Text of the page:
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weight distribution throughout your body

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stretch denning

on 27 October 2014

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Transcript of weight distribution throughout your body

nutrition for weight loss
weight distribution throughout your body
Being overweight or underweight are characteristics depending on many factors: you are genetically overweight if you have a family history of overweight parents/relatives.

Also, the nervous system plays an important role in balancing the body weight: serotonin and endorphins send signals to the brain that induce the need to eat or on the contrary.

There is also the CCK hormone which transmits the brain signals on the state of satiety - it decreases hunger.

While generally, body weight is influenced genetically, hormonally and by the body maintenance condition (the activity routine), it seems that the fat distribution is influenced by age, genetic inheritance, race, but to a greater extent by gender specific hormones.

They are responsible for the distribution of fat in certain zones of our bodies: thus, estrogens which are responsible of the typical female sexual characteristics will influence the fat deposition in the pear format, favouring its laying on the hips, thighs, and belly, while testosterone will 'lead' fat mostly towards tummy and upper body.

It is clear that increased body fat affects health, the news is that its distribution on the body influences the state of health of specific organs.

According to its placement, fat can be subcutaneous (under the skin) or visceral (around organs). The greatest concern is generated by visceral fat that can interfere with the good functioning of vital organs. There is a relationship between overall fat deposits and specific fat deposits: fat around the body middle section is associated with visceral fat, so, abdominal fat is the most serious health risk.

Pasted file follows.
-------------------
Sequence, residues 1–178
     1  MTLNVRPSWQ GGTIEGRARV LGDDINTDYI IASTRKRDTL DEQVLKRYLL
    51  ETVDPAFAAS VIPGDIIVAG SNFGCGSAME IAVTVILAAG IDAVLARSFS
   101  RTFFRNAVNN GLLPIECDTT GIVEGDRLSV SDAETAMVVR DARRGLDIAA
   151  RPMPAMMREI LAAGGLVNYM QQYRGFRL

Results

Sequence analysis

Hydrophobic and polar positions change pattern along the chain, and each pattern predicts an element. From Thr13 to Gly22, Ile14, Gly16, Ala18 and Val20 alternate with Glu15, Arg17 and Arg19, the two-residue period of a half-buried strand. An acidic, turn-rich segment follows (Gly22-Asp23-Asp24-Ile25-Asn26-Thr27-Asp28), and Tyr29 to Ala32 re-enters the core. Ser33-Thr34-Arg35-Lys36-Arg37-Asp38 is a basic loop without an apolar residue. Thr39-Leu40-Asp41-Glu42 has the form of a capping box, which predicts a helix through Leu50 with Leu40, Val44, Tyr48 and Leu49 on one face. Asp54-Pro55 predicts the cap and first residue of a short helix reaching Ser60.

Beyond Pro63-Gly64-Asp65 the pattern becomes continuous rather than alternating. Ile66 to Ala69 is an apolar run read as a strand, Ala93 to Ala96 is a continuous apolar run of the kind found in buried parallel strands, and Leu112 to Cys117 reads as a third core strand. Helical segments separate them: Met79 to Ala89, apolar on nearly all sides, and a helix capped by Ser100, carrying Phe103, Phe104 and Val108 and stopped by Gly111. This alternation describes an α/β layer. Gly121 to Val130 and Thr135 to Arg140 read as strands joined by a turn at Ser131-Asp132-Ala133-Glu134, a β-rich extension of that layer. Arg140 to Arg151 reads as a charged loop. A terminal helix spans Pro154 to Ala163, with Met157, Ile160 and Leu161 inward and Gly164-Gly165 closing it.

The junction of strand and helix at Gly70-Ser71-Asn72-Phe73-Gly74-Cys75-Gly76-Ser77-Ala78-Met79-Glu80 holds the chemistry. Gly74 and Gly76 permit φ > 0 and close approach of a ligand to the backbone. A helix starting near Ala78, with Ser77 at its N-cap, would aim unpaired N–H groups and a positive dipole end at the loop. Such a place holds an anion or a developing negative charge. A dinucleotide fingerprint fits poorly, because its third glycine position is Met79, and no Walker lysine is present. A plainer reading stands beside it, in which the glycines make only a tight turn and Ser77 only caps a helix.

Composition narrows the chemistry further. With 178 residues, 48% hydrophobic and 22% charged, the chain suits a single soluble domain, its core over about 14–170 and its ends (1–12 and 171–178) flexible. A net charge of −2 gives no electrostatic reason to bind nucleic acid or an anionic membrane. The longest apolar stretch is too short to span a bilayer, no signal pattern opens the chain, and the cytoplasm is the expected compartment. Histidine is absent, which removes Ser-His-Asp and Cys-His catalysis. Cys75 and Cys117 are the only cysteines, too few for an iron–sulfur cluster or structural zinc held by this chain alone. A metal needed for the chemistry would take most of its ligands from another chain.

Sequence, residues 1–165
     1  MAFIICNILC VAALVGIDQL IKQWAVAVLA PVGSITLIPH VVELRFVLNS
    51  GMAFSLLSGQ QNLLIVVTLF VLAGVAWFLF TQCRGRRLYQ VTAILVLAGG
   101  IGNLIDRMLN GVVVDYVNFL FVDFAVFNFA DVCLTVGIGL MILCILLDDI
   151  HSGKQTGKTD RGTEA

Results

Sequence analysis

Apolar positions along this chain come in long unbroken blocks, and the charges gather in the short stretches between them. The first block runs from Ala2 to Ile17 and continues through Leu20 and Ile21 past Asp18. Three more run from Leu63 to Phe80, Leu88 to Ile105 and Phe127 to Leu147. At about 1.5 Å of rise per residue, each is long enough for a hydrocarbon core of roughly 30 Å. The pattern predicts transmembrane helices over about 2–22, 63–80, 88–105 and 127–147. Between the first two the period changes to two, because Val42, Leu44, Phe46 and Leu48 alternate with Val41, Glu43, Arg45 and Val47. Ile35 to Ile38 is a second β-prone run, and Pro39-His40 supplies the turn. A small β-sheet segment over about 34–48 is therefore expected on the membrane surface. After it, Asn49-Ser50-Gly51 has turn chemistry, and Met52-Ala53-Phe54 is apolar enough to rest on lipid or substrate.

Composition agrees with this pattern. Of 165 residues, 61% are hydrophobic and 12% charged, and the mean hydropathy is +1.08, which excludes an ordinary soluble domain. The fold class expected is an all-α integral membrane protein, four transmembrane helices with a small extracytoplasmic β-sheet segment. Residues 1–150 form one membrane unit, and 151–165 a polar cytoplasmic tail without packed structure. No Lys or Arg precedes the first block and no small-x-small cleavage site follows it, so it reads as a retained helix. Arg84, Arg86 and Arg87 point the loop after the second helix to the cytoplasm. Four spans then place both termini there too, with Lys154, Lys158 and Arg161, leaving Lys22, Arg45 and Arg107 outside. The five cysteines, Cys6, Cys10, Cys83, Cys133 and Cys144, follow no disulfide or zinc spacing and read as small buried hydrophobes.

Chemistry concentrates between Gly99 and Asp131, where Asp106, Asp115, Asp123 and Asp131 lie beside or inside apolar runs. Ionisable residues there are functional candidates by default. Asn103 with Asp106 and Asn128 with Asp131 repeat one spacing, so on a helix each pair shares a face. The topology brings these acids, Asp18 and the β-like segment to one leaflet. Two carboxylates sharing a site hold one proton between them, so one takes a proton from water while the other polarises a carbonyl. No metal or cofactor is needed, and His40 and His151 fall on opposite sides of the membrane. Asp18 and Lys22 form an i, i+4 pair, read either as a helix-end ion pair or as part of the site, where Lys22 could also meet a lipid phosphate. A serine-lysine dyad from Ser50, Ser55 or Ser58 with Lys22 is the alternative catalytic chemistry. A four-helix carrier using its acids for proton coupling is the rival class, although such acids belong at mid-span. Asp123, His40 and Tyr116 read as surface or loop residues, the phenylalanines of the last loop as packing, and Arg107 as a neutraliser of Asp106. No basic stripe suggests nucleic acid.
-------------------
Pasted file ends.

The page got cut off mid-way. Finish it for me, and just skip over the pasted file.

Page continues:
The waist to hip ratio is a method of determining whether there are excessive amounts of upper body fat. It is obtained by dividing the waist measurement by the hip measurement. The upper limits are:.95 for men and .80 for women. Any exceeding values should be alarming.
properly loosing fat
And in that case, assuming your goal is to lose fat without losing muscle, I’d say strength training 100% of the time.

Why? Because of the two, it’s the only form of weight training (or really the only form of exercise in general) that is actually required for this goal.

What I mean is, unless you’re significantly overweight (in which case muscle loss is much less of an issue or concern), you will lose muscle and strength in a deficit if the type of strength training described above isn’t there. However, you can VERY easily lose fat without ever doing a second of metabolic training.

So, one is required and the other is purely optional. For this reason alone, strength training wins the battle of the workouts.

Now that’s not to say metabolic training can’t also be important or highly beneficial. It most definitely can be if it’s your preferred way of creating your caloric deficit. But, if you’re only going to be doing one or the other, the clear choice here would be to skip the metabolic stuff in favor of strength training and use your diet to create your deficit.